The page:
Emeritus Professor Manfred Hellberg of the School of Chemistry and Physics has been profiled among 62 long-standing members of the Academy of Science of South Africa (ASSAf) in its Legends of South African Science II publication.
ASSAf commended the members featured, whose disciplinary diversity contributes to the strength of the academy, for their academic excellence and scholarship.
‘It is hoped that the legacy of these inspirational champions… will continue to inspire us all, and to grow the next generation of leaders in making science relevant to society,’ stated ASSAf.
Hellberg spent 38 years at the former University of Natal (UN), retiring in 2004. His family’s association with the University stretches back a century to when his father attended, and Hellberg said he thoroughly enjoyed his career and the opportunities that the University of Natal and UKZN provided over the years.
‘UKZN, with its forebears, has a proud history and I trust that our Institution will continue to flourish, despite some ups and downs along the way,’ he said.
Hellberg’s profile details how his natural curiosity about the world was directed towards theoretical physics by a teacher at his high school in Cape Town, while his father cultivated in him a love of research. He studied Mathematics and Physics at the University of Cape Town (UCT), aiming for an academic career and channelling his focus into plasma physics.
Hellberg received a scholarship to pursue his PhD at the University of Cambridge, where he shared an office with Stephen Hawking and made the most of the highly academic environment, attending several international conferences and cultivating a network that stood him in good stead throughout his career.
He joined the University of Natal in 1965, where he was active in numerous University committees, particularly in research, staff development, student development and academic support, and resource allocation, and participated in university leadership, including serving as Dean of Science and twice as Pro Vice-Chancellor. His collaborative, pioneering research has focused on waves in high-temperature ionised gases, or plasmas, yielding more than 100 international journal articles, including a number of highly-cited contributions.
‘I am particularly grateful to the many colleagues who made it possible for me take part in all aspects of academic life and who kept me on my toes,’ said Hellberg, singling out former Vice-Chancellor the late Professor Desmond Clarence, the late Professor Dave Walker, and Emeritus Professor Roger Raab.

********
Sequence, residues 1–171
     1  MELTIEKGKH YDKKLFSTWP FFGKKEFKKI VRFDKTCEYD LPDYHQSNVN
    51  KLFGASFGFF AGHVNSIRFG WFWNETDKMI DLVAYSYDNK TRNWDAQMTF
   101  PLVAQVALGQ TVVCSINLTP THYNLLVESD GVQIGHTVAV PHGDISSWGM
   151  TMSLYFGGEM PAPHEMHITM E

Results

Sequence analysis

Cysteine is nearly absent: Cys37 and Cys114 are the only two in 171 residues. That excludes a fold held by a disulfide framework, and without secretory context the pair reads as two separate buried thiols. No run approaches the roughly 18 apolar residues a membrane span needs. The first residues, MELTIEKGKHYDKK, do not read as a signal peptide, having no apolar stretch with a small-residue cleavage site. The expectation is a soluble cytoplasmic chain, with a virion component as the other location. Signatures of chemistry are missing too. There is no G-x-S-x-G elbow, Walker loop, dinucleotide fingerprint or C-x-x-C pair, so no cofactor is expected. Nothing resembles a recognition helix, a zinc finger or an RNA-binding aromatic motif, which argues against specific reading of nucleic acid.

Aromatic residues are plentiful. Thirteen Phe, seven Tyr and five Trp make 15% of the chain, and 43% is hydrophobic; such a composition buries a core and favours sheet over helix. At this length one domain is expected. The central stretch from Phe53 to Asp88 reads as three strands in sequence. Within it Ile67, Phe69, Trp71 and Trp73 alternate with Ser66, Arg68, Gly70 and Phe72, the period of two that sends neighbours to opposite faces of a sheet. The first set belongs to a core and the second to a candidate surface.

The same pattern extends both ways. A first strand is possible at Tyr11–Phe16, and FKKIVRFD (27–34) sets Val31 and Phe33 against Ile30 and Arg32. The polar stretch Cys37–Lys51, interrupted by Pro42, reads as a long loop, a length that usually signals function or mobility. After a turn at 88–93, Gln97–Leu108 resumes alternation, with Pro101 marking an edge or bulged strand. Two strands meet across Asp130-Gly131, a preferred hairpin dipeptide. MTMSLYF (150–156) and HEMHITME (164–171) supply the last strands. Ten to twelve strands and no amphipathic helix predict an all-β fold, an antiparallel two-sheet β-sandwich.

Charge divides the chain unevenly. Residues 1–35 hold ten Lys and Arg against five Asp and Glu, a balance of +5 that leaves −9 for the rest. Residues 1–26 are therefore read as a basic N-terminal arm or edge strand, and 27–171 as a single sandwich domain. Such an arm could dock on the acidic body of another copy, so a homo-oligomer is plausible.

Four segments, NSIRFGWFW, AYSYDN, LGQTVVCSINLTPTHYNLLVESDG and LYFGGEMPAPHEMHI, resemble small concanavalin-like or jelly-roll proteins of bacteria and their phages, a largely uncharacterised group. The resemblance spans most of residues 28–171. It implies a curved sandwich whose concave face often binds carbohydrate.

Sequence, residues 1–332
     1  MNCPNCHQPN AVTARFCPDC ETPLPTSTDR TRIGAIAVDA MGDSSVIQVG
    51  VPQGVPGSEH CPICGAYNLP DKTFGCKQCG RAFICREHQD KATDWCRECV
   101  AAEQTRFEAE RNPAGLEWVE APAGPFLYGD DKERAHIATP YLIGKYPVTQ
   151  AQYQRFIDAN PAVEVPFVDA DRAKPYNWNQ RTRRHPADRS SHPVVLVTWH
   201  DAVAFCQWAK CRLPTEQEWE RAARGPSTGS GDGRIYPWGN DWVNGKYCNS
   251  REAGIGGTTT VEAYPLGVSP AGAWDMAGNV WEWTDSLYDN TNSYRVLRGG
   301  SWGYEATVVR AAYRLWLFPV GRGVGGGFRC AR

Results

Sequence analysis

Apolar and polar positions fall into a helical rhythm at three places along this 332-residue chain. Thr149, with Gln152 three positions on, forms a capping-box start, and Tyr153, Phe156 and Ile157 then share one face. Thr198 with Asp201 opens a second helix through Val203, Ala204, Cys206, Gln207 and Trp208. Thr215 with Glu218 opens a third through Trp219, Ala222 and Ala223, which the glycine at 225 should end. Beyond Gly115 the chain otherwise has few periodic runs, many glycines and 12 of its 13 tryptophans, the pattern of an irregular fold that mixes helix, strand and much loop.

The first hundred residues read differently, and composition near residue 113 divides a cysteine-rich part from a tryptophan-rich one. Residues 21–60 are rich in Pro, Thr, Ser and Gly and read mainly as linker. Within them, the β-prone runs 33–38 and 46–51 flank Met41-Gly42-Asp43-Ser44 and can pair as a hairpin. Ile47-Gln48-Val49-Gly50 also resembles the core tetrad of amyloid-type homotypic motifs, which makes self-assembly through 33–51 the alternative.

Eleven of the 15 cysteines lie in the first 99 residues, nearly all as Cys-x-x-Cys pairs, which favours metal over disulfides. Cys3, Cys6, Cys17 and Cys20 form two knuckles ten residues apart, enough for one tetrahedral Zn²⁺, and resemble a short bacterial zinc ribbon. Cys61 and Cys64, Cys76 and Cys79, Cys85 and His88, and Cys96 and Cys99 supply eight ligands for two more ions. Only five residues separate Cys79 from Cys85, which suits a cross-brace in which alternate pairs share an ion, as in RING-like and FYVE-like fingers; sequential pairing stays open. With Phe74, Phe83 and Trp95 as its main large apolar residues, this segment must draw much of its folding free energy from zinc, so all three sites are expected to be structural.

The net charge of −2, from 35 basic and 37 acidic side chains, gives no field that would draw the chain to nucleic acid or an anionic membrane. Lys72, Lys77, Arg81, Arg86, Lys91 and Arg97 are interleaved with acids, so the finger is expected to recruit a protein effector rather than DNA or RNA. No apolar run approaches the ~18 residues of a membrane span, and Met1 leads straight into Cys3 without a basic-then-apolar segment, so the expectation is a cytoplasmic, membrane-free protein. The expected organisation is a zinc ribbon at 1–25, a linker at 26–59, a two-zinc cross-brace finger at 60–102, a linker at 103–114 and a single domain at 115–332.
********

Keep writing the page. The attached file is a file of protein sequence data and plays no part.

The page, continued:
‘Much of my career was also enabled by some excellent members of the support staff who were always ready to go the extra mile in the interests of the University and its academic aims, and I have also benefitted from interaction with a range of undergraduate and postgraduate students.’
Hellberg’s contributions have included serving as president of the South African Institute of Physics (SAIP), campaigning for the preservation of laser facilities and expertise that led to the establishment of the National Laser Centre, leading an international panel to advise on the future of Physics in South Africa, and acting as adviser to then Minister of Science and Technology, Dr Naledi Pandor on strategies and policy to develop the field of Astronomy in South Africa.
Internationally, he has served on the Plasma Physics Commission of the International Union of Pure and Applied Physics, on the editorial board of the journal, Plasma Physics and Controlled Fusion, and on the Editorial Advisory Panel for the Institute of Physics Plasma Physics book series.
Hellberg has served on advisory committees for several international conference series, and co-chaired the International Conference on the Physics of Dusty Plasmas in Durban in 2002. He was elected a Fellow of UN, now UKZN, the Royal Society of South Africa, and the UK Institute of Physics. He has been an ASSAf member since 2000 and has served on its council.
Hellberg is both a Fellow and an Honorary Member of the SAIP, and a recipient of its highest honour, the SAIP De Beers Gold Medal, awarded for his outstanding research career and his service to Physics in South Africa.
Following his retirement, he increased his research productivity with colleagues and students at UKZN and internationally, and his work continues to enjoy a high citation rate.
Also included in Legends of South African Science II are a number of UKZN alumni, and former and current staff members, including Walker; former Deputy Vice-Chancellor, Professor Ahmed Bawa; Scientific Advisor to the School of Clinical Medicine, Professor Miriam Adhikari; Honorary Associate Professor Arvinkumar Bhana of the Centre for Rural Health; Research Professor in Humanities, Professor Saleem Badat; alumnus and former staff member, Professor Diane Grayson; former Dean, Professor Raymond Haines; part-time lecturer in the Property Management and Quantity Surveying Programme, Mr Eugene Julies; alumnus and former Chair of Council, Dr Vincent Maphai; and former lecturer, Professor Peter Tyson.
The publication honours other alumni or luminaries who spent time at UKZN or its antecedent institutions, including the late Dr Neville Comins; founding Vice-Chancellor of the Durban University of Technology, Professor Dan Ncayiyana; former Vice-Chancellor of UCT Professor Mamphela Ramphele; and Professor Iqbal Parker.
Words: Christine Cuénod
Photograph: Liz Clarke